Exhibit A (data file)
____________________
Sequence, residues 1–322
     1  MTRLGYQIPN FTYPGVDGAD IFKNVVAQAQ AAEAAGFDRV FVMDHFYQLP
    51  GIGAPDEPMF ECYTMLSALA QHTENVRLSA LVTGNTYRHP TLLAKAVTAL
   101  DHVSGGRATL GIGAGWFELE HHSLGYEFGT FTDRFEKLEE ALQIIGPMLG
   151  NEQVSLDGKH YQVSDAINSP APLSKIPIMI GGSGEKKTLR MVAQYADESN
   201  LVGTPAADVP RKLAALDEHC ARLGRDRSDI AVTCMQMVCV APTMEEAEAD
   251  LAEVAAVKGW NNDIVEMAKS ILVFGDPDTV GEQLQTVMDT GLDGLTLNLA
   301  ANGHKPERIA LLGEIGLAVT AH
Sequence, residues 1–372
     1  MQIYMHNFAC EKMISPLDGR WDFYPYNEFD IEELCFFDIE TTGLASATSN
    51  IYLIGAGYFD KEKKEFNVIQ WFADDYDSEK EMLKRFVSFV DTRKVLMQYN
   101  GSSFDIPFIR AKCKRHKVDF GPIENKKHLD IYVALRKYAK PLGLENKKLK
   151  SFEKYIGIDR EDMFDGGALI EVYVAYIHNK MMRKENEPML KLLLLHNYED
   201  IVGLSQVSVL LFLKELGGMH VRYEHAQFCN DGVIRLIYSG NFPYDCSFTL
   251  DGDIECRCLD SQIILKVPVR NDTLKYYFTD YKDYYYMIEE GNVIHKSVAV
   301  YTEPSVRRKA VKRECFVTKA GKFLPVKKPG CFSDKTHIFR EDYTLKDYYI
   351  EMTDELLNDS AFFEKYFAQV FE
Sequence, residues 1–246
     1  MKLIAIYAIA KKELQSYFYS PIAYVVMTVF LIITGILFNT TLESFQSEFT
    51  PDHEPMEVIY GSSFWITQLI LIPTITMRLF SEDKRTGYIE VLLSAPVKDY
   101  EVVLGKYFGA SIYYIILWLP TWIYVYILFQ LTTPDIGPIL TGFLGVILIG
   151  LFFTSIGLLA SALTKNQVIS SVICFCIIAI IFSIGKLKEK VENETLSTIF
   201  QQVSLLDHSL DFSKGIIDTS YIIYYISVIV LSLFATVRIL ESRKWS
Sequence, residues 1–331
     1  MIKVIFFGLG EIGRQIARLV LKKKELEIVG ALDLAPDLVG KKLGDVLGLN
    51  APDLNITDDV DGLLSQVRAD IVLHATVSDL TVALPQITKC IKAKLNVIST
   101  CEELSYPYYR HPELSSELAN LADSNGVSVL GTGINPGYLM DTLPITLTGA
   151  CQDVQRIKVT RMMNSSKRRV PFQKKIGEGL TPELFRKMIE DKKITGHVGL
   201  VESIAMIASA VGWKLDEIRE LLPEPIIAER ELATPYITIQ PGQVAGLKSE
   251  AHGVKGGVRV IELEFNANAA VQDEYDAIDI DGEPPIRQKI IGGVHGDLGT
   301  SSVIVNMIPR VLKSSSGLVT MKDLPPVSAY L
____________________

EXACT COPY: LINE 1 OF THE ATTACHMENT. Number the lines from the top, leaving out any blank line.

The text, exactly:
Sequence, residues 1–322